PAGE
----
#3963 – 2005 37c Distinguished Marines: John Basilone

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U.S. #3963
37¢ John Basilone
Distinguished Marines
 
Issue Date: November 10, 2005
City: Washington, DC
Quantity: 60,000,000
Printed By: Ashton-Potter (USA) Ltd
Printing Method: Lithographed
Perforations:
Serpentine Die Cut 11 x 10.5
Color: Multicolored
 
John Basilone
Gunnery Sergeant John Basilone (1916-45) was born in Buffalo, New York, and raised in Raritan, New Jersey. At 18, he joined the Army and served three years before being honorably discharged. In 1940, with World War II on the horizon, he joined the Marines.
 
In the 1942 battle of Bloody Ridge on Guadalcanal, Basilone commanded two machine-gun emplacements defending an airfield. When the Japanese attacked and one gun crew was wiped out, Basilone rolled back and forth over the ground, firing first one gun, then the other. When ammunition got low, he went back through enemy fire for more. Basilone saved Henderson Airfield by valiantly holding off an advancing Japanese regiment until reinforcements arrived.
 
Basilone was awarded the Medal of Honor for extraordinary heroism above and beyond the call of duty. He returned home a hero, but refused a commission and asked to return to the Pacific to rejoin his men.
 
When the Marines landed on Iwo Jima on February 19, 1945, Basilone single-handedly destroyed a Japanese blockhouse, allowing his unit to capture an airfield. Minutes later, an enemy shell killed him. On his left arm was a tattoo that read “Death before Dishonor.” Basilone was awarded the Navy Cross posthumously.
 

Victory At Guadalcanal

On February 9, 1943, the Allies claimed a major victory and marked the end of the Guadalcanal Campaign.

The Guadalcanal Campaign, also known as Operation Watchtower, was the Allies’ first major offensive against the Japanese Empire. The campaign began on August 7, 1942, with the Allies’ arrival on the islands of Guadalcanal, Tulagi, and Florida in the southern Solomon Islands. The landing, consisting largely of U.S. forces, was intended to keep the Japanese from using the islands to disturb supply and communication chains between the U.S., Australia, and New Zealand.

Upon their landing, the Allies successfully overwhelmed the Japanese defenders, who’d occupied the islands since May, and captured Tulagi, Florida, and Henderson Field (an airfield). Between August and September 1942, the Japanese made several attempts (three land and seven naval battles) to retake Henderson Field.

One of the first attacks took place during the night of August 9. The Japanese Navy had trained in night fighting, giving them an advantage. Allied aircraft couldn’t fly effectively at night so the planes offered no support during the attack.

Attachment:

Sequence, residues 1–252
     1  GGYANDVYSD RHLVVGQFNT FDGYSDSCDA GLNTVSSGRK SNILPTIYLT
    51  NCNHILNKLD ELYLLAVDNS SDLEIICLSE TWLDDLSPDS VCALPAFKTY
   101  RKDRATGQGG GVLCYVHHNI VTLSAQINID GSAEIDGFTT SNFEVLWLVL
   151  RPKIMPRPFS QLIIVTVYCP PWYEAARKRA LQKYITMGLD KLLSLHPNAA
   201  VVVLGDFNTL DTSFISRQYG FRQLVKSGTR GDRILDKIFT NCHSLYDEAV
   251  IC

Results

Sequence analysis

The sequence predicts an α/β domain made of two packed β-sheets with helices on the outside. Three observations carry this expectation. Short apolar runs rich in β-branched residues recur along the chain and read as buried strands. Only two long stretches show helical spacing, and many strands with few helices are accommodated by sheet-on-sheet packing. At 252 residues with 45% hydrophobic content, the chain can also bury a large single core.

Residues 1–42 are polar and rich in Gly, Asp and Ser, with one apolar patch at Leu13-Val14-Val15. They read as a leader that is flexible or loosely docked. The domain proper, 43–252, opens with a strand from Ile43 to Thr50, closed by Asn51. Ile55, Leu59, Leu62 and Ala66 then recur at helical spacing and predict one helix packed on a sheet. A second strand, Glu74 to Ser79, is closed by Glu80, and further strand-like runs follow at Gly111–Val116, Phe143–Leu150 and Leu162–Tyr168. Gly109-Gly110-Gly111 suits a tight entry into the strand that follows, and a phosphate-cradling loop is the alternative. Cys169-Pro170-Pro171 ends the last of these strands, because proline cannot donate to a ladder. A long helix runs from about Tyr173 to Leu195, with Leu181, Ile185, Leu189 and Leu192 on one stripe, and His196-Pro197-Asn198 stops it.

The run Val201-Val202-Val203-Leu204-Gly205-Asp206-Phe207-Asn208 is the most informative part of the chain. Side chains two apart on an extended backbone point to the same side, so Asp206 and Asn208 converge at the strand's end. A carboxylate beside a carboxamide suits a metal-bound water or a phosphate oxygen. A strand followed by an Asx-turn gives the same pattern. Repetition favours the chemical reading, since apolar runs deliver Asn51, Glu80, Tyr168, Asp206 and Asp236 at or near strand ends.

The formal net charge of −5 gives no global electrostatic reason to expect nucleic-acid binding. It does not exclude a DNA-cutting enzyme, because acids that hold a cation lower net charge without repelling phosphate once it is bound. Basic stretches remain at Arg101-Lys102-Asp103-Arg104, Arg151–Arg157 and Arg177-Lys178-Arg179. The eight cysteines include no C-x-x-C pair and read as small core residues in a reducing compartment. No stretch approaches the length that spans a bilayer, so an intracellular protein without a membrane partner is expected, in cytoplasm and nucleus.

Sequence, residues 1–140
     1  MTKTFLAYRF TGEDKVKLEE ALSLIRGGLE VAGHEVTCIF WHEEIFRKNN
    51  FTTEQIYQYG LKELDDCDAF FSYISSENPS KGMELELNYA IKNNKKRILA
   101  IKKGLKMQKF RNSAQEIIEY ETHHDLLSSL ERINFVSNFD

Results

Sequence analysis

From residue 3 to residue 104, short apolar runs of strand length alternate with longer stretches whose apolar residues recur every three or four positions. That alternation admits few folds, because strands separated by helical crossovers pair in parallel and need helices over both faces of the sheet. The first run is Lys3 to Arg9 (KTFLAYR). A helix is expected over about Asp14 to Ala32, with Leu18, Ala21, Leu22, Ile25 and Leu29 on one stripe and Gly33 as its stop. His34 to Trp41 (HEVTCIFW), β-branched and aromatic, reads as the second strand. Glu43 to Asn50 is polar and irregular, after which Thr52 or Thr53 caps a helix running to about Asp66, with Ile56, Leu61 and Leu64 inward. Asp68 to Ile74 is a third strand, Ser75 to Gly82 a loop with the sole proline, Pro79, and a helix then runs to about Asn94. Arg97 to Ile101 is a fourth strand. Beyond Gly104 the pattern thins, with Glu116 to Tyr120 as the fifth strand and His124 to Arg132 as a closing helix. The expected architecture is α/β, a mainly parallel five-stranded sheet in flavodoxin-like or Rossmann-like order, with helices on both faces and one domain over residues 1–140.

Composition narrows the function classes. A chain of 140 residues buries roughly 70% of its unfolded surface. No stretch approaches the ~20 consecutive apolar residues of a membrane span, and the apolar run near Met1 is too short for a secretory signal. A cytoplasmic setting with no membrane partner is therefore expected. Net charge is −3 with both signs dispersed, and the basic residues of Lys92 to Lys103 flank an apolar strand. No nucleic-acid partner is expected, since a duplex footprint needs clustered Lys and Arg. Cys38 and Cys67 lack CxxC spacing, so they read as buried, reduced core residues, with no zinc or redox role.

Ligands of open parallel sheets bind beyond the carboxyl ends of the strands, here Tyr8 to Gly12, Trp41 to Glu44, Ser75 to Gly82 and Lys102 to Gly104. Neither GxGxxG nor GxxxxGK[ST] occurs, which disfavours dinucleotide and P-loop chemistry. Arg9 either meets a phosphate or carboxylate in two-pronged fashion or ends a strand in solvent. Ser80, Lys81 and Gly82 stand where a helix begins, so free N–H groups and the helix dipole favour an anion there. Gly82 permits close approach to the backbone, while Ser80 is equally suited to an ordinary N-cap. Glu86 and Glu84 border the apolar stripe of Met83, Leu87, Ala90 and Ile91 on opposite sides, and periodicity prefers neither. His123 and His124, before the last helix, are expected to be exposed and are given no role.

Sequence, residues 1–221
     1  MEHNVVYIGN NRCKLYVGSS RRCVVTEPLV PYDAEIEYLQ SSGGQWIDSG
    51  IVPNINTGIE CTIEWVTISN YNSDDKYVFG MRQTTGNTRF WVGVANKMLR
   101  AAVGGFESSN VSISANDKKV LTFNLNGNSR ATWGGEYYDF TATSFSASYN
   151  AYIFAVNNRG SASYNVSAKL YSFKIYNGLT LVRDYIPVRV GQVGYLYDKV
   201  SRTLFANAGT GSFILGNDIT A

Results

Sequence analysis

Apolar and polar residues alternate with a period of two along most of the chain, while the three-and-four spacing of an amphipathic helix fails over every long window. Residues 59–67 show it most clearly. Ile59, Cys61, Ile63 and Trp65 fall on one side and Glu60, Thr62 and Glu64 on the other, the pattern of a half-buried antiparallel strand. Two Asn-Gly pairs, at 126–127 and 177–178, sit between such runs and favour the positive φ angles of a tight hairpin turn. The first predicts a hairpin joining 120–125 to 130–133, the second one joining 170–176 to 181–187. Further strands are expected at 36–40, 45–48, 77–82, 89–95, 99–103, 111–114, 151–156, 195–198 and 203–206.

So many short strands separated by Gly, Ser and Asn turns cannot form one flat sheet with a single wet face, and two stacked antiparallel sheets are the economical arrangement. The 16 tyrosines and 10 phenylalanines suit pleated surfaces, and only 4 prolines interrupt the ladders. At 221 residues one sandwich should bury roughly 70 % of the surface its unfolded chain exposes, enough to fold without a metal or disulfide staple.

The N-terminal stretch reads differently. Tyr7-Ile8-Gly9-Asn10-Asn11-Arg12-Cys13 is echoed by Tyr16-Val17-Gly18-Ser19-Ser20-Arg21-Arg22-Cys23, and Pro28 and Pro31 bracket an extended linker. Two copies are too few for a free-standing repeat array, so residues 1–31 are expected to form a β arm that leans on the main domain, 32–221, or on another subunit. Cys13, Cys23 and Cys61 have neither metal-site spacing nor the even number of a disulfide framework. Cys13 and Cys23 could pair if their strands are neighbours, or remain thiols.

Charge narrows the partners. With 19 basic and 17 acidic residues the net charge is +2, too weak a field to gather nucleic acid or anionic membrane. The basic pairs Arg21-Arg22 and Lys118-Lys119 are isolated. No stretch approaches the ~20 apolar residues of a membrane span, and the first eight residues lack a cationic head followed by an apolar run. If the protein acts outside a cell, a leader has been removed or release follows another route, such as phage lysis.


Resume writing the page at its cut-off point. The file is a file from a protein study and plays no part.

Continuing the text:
The Japanese ships positioned themselves around Savo Island, where the Allied fleet was patrolling. Though a couple U.S. ships spotted them during the approach and sent warnings, the threats were not taken seriously by the Allied commanders.

At about 1:30 a.m. on the 9th, the Japanese commander gave the order, “Every ship attack.” The fleet had been divided into two forces, one moving to the north of the island, the other to the south. Over the next hour, the Japanese fired on American and Australian warships, destroying some and severely damaging others. The Japanese then moved out of range of the remaining Allied vessels to discuss whether or not to continue the battle. Faced with low ammunition and a limited knowledge of the strength of the opponent’s fleet, the commander decided to withdraw.

But the Japanese returned to attack almost daily. Much of the fighting was centered around the airfield. Though the Japanese continued to bomb the runway, the Allied planes were still able to take off and hold back the Japanese ground forces. While the Allies had the advantage on land and in the air, the two battles at sea damaged American aircraft carriers.

Following the decisive Naval Battle of Guadalcanal, the Japanese abandoned their attempts to retake Henderson Field, though fighting would continue for a few more months. In all the campaign lasted a total of six months and two days. During the course of the campaign there were a total of 17 battles, which included Tulagii, Tenaru, Edson’s Ridge, Matanikau, Henderson Field, Mt. Austen, Eastern Solomons, Cape Esperance, and Santa Cruz Island, among others.

The Japanese made their last evacuations in early February, and when the Allied commanders realized this, they declared the Guadalcanal Campaign to be over on February 9, 1943. The Guadalcanal Campaign marked a shift in the war’s dynamic. The Allies transitioned from defensive operations to creating a strategic offensive, leading to the Solomon Islands, New Guinea, and Central Pacific Campaigns. Additionally, the Japanese suffered over 19,000 dead and were unable to replace lost aircraft and ships, placing them at a disadvantage for the remainder of the war.